But UD likes this one best, by Jon Lang.

 

Before we go there: My own winter night sky tonight – viewed from my back deck in Garrett Park, Maryland – is blackly clear, with a large, full, bright moon.  This cosmic clarity comes equipped, this evening, with very cold, very awakening, air.  Like all those winter night poets, I’m stirred, and I’m lifted, out here, off the earth, to something acutely articulate; something post-human, and post-humous…   Yet as it happens, I don’t know what the universe is saying — I only know I’m exposed, in my coatless, ghosty condition, to its voice.   Wallace Stevens hears something of this with similar recognition and confusion at the seashore: 

The water never formed to mind or voice,   
Like a body wholly body, fluttering
Its empty sleeves; and yet its mimic motion   
Made constant cry, caused constantly a cry,   
That was not ours although we understood,
Inhuman, of the veritable ocean.
 
If you’re ever going to “break through the sensual gate,” writes Cecil Day-Lewis, it’s liable to happen facing the ocean, facing the stars; but that breakthrough, though heady, will be muddled and unnerving.  Better to return, continues Day-Lewis, to sublunary reality: “Friend, let us look to earth,/ Be stubborn, act and sleep.”
 
Philip Larkin, in “Sad Steps,” responds in a similar way to a sublimely moonstruck night:
 
Lozenge of love! Medallion of art!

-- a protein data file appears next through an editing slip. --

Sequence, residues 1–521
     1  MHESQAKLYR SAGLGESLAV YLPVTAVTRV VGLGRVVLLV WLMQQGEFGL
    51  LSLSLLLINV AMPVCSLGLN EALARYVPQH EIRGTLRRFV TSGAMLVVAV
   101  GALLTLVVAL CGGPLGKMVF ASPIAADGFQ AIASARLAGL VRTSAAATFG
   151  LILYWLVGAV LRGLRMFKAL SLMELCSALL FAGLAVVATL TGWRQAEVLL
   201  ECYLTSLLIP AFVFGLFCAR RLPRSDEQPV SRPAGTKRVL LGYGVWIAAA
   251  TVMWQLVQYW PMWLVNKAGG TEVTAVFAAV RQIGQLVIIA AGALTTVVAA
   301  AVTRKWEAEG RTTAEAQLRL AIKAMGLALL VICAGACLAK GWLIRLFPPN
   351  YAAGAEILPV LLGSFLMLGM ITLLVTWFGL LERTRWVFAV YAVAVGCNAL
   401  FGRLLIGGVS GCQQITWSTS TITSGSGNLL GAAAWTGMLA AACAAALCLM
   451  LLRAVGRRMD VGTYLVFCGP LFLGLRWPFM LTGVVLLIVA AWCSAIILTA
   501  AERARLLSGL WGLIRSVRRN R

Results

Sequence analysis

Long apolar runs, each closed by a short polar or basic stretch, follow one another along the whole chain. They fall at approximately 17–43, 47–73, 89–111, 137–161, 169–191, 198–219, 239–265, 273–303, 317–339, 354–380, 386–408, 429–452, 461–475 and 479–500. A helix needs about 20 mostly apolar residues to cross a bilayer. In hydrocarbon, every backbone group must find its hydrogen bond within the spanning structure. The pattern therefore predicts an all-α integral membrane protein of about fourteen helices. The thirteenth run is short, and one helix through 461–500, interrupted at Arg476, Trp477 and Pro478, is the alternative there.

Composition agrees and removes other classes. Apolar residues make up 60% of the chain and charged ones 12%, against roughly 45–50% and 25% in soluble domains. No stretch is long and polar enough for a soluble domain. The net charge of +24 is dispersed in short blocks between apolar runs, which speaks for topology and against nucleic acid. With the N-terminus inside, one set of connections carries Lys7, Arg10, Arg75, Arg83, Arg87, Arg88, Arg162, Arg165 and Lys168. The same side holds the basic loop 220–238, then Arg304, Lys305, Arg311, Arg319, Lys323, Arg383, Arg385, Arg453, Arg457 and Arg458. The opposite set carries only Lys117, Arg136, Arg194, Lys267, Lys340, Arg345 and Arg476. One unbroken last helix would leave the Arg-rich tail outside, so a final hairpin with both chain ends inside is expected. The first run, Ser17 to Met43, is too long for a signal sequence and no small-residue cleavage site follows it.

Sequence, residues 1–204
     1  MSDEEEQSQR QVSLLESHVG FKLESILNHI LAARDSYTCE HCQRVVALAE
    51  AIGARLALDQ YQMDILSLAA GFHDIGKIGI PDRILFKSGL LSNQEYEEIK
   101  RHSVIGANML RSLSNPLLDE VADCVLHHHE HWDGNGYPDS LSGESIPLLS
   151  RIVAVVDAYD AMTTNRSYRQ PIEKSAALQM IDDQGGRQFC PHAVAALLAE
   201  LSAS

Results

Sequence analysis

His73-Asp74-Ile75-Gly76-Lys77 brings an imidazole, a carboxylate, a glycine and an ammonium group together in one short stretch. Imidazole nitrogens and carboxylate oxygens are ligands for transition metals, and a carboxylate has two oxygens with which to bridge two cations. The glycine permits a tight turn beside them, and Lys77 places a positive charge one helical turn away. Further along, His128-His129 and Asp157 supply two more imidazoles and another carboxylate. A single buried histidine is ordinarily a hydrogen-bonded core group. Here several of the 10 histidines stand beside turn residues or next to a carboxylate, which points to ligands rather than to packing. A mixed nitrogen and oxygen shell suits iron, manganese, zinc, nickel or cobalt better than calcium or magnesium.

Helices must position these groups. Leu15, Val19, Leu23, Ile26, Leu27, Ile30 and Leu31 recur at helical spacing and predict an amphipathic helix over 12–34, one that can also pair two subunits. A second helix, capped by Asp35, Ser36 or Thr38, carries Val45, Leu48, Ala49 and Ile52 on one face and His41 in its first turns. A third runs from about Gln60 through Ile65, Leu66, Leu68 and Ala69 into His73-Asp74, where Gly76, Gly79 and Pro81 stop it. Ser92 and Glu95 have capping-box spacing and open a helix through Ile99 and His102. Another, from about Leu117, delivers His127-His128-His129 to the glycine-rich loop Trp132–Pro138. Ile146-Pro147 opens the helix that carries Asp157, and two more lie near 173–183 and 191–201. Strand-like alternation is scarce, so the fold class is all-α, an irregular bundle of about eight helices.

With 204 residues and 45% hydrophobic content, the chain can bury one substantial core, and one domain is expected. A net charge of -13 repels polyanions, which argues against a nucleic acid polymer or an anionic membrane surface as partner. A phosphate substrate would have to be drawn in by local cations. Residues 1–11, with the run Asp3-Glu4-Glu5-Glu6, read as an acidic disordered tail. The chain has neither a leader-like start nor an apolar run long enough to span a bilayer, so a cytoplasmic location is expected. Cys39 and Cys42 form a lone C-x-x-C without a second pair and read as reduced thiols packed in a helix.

O wolves of memory! Immensements! No,
 
One shivers slightly, looking up there.
The hardness and the brightness and the plain   
Far-reaching singleness of that wide stare…
 
 

****************************

Winter Night

How often we draw back, detached from the world

Like a star, and thinking the mind a pure space

Imagine our fate somehow suspended – almost

As if, like a far eye, or a small fist

Of light, we might take the whole of it, coldly, in.

But ah, what a show … for nothing really stops –

And the further we fade, the more the smallest pain

Heightens, iced to a moon’s edge. O, could we just

See! How even without us the vanishing earth

Goes on, child without mother, bearing itself

Blindly toward spring! Would we still, like gods,

Think ourselves beyond it all? Now, shrinking

Within, we only at best mimick the dead,

Who have earned with a life that richer, darker distance.

Trackback URL for this post:
http://www.margaretsoltan.com/wp-trackback.php?p=60040

Comment on this Entry

Latest UD posts at IHE

Archives

Categories